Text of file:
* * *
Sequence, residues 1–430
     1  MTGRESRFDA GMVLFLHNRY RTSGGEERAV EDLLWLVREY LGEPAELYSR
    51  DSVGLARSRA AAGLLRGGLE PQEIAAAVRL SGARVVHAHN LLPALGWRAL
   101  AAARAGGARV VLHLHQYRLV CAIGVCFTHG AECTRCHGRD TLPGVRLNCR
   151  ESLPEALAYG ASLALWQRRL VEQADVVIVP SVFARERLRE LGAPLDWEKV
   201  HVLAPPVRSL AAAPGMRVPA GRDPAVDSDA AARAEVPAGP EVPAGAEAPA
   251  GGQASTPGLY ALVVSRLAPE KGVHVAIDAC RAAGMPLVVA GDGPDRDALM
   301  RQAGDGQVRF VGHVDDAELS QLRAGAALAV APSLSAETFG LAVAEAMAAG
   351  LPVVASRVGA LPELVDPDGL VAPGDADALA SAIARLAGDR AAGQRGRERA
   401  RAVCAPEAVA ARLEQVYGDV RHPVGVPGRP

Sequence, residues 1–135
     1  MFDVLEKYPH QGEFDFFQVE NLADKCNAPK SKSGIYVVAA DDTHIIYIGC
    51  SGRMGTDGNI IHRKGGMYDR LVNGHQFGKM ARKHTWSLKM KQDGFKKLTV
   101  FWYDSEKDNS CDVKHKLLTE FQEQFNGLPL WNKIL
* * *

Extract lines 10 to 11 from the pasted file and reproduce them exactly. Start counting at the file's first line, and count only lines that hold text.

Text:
   401  RAVCAPEAVA ARLEQVYGDV RHPVGVPGRP

Sequence, residues 1–135